China’s relatively stable post-2013 loan growth helps oil tankers
New loan issuance affects the oil tanker shipping industry
One of the key indicators that grabs analysts’ attention is China’s new loans. Issuing new loans is an important way of stimulating economic growth, as it increases demand. However, excessive debt can create unnecessary risks and adds to uncertainty.
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Without proper regulation, high levels of debt could bring defaults and eventually leads to recessions, which will affect oil tanker shipping companies like Tsakos Energy Navigation Ltd. (TNP), Teekay Tankers Ltd. (TNK), Frontline Ltd. (FRO), and Nordic American Tanker Ltd. (NAT) as well as the Guggenheim Shipping ETF (SEA).
A marked decline in China’s monthly new loans
According to the data released by the People’s Bank of China, there were only 644.5 billion new loans issued in the Chinese yuan in February 2014—just half the amount lent in January 2014. The year-over-year growth in China’s monthly new loans for February was about 3.95%, compared to 23.26% for January.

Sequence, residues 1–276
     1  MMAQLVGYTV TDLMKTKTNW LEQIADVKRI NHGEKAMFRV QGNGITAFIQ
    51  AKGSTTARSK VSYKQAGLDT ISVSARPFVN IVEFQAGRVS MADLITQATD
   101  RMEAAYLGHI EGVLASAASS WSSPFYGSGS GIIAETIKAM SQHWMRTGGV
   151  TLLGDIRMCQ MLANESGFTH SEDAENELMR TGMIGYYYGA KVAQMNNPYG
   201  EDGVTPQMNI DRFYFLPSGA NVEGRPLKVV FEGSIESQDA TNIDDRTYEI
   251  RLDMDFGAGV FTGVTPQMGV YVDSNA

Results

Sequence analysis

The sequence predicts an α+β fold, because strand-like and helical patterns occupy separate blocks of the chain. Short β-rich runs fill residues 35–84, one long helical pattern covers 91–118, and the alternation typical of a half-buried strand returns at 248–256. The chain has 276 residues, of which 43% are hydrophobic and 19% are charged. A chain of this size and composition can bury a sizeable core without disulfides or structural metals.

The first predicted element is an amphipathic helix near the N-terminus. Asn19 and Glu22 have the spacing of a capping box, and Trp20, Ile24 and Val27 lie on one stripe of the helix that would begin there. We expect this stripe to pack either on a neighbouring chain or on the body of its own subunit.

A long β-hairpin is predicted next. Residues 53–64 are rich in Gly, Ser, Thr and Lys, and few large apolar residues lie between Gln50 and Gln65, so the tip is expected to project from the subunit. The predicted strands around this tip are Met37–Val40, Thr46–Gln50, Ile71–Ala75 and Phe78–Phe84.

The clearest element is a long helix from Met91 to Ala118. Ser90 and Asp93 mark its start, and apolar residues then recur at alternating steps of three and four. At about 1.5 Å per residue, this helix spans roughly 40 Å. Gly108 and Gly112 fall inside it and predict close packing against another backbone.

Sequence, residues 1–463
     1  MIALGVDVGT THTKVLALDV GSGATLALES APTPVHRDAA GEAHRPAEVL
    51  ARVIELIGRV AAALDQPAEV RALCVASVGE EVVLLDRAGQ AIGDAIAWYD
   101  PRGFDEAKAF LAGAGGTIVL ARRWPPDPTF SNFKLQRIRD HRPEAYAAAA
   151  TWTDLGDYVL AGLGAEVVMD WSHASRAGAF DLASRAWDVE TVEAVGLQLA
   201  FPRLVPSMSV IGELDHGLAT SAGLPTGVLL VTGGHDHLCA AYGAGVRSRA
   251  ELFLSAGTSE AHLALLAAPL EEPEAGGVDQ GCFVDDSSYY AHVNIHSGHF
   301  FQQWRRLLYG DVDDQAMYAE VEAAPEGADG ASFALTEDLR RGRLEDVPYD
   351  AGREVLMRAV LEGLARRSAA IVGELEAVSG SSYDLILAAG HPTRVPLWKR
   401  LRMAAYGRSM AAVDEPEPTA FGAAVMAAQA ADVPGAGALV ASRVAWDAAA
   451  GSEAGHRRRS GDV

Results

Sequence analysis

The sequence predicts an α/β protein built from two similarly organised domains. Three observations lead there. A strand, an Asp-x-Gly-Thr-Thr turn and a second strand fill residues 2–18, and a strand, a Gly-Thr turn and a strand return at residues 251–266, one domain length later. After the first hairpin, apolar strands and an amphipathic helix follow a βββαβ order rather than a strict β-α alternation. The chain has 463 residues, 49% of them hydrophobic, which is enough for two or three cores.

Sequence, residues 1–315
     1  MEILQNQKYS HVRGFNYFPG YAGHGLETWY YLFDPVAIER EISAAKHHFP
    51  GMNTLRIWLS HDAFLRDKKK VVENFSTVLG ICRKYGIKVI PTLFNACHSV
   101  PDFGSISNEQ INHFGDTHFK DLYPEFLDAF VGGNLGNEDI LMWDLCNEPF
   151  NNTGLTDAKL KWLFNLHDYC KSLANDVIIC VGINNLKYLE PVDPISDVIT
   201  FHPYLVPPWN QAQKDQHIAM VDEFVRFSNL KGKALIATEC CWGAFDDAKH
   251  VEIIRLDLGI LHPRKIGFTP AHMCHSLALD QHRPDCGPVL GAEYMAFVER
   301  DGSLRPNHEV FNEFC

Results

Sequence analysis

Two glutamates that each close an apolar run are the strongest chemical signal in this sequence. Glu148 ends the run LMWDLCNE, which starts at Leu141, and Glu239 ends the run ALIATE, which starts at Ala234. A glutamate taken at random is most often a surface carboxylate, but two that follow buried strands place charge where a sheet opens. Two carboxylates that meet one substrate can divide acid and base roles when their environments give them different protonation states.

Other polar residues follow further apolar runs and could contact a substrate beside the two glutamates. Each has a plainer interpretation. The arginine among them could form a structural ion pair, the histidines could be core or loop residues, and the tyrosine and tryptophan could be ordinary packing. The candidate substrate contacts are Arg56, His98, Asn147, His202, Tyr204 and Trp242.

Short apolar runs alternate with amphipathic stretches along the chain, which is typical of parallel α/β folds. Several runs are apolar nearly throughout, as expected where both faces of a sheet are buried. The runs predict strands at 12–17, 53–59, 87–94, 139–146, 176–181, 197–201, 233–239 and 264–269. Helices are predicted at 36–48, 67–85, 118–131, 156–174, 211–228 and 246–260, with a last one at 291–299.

However, keep in mind that China’s new loan has historically been the highest in the first month of the year, as banks rush to make new loans whose quota is set by the central bank for the year. Given how year-over-year growth has moved over the last few months, we might infer China is holding a neutral policy stance. When things appear to improve, China starts to tighten credit growth. But when loan growth appears to fall, loan growth returns next month.
If the past few months of trends are any guide for the future, you might say China is going through a phase of adjustments. While data might come out negative in the short term, we could see improvements in the medium term, as the government supports the economy a bit.